PARIS — Miramax Films is preparing to throw its full weight behind a mighty Oscar campaign for the Gallic smash “Amelie From Montmartre” – and director Jean-Pierre Jeunet and star Audrey Tautou must be quaking in their boots.
Jeunet and Tautou are already quailing before the relatively mild publicity demands of the pic’s international rollout, and Harvey Weinstein has not even gotten going yet.
Indeed, the interaction between Hollywood’s most ebulliant showman and France’s shyest actress could prove to be the most fascinating behind-the-scenes dramas of the upcoming Oscar season. The irresistable force is about to meet the immovable object.
“The French are viewing the growing pace of Miramax’s demands with some trepidation,” said one insider.
Miramax is gearing up the hoopla for a Nov. 2 release. It sees the movie not just as a contender for best foreign film, but also as a possible best picture nominee. But that will take some serious razzamatazz.
All is set for a clash of cultures between the purist Gallic view that the art is all, the film should speak for itself and the view of, well, everyone else that nothing sells tickets faster than a pretty face.
The gamine Tautou certainly is that. But after months of seeing her image plastered over every billboard and magazine in her native France, while “Amelie” racked up a stunning $42 million at the box office, she’s had enough of being public property.
As a confidante of Tautou put it: “She is interested in making films, not in after-sales service.”
Persuading Tautou to meet the international press has, say insiders, been like pulling teeth. She has refused requests to pose for magazine cover shoots, insisting that stills from the movie should suffice. Cover stories have been lost as a result.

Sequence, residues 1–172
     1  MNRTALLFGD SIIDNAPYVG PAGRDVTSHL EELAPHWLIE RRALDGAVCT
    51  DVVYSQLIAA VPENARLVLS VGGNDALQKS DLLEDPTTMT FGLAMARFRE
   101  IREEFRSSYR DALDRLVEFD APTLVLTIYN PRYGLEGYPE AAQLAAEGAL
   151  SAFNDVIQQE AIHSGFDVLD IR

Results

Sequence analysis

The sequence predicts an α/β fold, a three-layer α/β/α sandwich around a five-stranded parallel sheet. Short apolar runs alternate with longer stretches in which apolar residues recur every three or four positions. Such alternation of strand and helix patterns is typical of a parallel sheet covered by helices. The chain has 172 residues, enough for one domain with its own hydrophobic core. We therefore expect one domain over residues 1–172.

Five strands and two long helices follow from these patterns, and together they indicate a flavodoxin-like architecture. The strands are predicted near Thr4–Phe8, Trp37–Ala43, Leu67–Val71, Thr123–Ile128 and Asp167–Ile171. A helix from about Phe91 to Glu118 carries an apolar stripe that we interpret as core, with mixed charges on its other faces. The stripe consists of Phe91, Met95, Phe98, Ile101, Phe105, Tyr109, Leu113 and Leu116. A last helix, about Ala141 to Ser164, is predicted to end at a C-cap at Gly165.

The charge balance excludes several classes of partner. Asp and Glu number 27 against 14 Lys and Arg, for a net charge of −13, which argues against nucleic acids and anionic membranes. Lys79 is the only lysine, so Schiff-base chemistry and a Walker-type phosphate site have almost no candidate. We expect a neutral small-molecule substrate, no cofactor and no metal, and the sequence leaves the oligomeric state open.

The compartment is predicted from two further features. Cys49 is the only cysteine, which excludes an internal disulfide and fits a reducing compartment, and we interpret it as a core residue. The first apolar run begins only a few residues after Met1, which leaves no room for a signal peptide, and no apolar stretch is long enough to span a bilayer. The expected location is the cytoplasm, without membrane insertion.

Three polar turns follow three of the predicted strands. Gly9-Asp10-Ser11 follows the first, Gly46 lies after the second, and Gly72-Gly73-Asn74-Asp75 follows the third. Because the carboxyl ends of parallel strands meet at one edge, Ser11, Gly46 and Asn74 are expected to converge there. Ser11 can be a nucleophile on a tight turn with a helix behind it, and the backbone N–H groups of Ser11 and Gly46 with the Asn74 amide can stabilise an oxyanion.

When British journos came to interview her in Paris, Tautou was shocked and baffled to be asked questions about her private life.
“Audrey has worked tremendously hard at promoting ‘Amelie’,” said UGC Intl. marketing head Henri Ernst. “But she wants the film to be center stage, not herself.”
“Audrey’s an unusual fish, a woman who is not interested in being a star,” said one PR maven. “She feels that the vast coverage the film has had in France has cramped her style. She’s not viewing it as a stepping stone, she’s viewing it as a pain in the ass.”
Jeunet is, at least, allowing himself to be dragged – “kicking and screaming” according to one witness – around the global fest circuit in support of his movie.
UGC is certainly trying its hardest to deliver the expectations of foreign distribs, who paid big bucks for “Amelie.”
When buyers screened the pic this spring, they immediately identified the delicious Parisian romance as having all the right ingredients to become a worldwide break-out, France’s version of “Crouching Tiger, Hidden Dragon” or “Life Is Beautiful.”
For UGC, and indeed for the French film industry as a whole, this is a step into uncharted territory.
Henri Ernst, UGC’s marketing head, told Daily Variety: “We’ve never handled anything this big before. We’ve been busy, busy, busy.”
French film folk readily admit that marketing is not a Gallic forte. Indeed, they often blame their lack of promotional savvy for allowing good French movies to be beaten at the local box office by what they regard as inferior Hollywood fare. In truth, though, this masks a snobbery that hoopla is the mark of a vulgar culture.
Nonetheless, foreign distribs such as Momentum in the U.K. and Prokino in Germany are full of praise for UGC’s efforts.
Prokino president Stephan Hutter, who released “Amelie” on an aggressive 166 prints Aug. 16, commented: “It’s the best marketing campaign to ever come out of France. It’s exceptional. All the basic ingredients, the posters, the clips and the trailers, are spot on.”